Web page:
—Margaret S. Williams
The recent New York Times article discussing the branding of mayoral candidate Christine Quinn highlights the double-bind female candidates often face in American elections. Female candidates need to seem tough, but not too tough (see “Ms. Quinn is known to unleash anger easily” but also cared for her dying mother). Female candidates need to appear to represent women, but not too much (see the housing candidate who was slow to support paid sick leave). And, above all, the female candidate needs to be well-dressed (see references to her shoes, dress, and hairstyle).
The image female candidates promote is so delicate that revealing an eating disorder, or time in a rehab facility, could put the candidate’s front-runner status in jeopardy– more so than ties to the current establishment or a very public vote switch. Contrast this to Quinn’s chief rival for the Democratic nomination, Anthony Weiner…yes, that Anthony Weiner, of Twitter fame.
The differential treatment of women and men in politics could not clearly be more spelled out. She needs to make herself more relatable, so people will like her more. She may have gone too far by divulging she had an eating disorder and a problem with alcohol before she was a public official. He does not appear to care what people think of him (I think that is a safe assumption, given his past tweeting behavior), nor do his past scandals while in office appear to affect his political future. And we don’t even know if his suit was Prada or Dolce & Gabbana.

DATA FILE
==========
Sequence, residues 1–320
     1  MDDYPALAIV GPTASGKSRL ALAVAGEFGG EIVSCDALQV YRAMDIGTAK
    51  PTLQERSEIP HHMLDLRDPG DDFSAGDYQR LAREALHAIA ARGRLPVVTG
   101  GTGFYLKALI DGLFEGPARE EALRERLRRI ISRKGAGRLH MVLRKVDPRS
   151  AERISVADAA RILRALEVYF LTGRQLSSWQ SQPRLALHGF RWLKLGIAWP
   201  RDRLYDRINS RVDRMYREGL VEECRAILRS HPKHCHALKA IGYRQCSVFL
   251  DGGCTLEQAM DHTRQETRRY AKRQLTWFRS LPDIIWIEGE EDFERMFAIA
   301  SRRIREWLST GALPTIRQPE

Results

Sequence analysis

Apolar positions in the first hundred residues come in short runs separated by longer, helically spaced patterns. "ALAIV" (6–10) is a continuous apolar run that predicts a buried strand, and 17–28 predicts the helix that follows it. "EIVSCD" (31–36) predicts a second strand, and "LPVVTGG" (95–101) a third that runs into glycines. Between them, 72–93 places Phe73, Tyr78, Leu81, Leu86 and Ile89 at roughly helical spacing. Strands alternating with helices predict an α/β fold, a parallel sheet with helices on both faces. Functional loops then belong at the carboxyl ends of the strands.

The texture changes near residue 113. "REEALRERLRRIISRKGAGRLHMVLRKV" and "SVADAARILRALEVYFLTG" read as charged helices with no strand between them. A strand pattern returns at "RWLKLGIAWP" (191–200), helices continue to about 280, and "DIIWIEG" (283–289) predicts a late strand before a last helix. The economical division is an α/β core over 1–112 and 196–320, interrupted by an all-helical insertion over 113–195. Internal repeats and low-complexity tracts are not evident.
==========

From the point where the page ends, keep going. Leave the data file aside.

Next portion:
It would be nice to pin all of this differential treatment on the media, but social science studies demonstrate voters judge female candidates more harshly than male candidates for the same behavior. What does all this mean for women with political ambitions? How can they overcome biases against women, both in the media and in the public’s perception of them?
Outside the United States, female candidates do not receive the same treatment—perhaps the results of elections that are more party-centered and less candidate centered. (Margaret Thatcher may be the best example of some backlash against strong female leaders.) Different styles of election undoubtedly play a role, as they do in the electoral prospects of female candidates as well. In our book, Contagious Representation, Frank Thames and I show how proportional representation (as opposed to single-member districts seen in the U.S.) fosters women’s participation. But it is also possible that gender quotas, also found outside the United States, play a role here as well. Would we really focus so much on a single woman acting to represent women, or on what she was wearing, or how relatable she is if there were more than one woman in the race?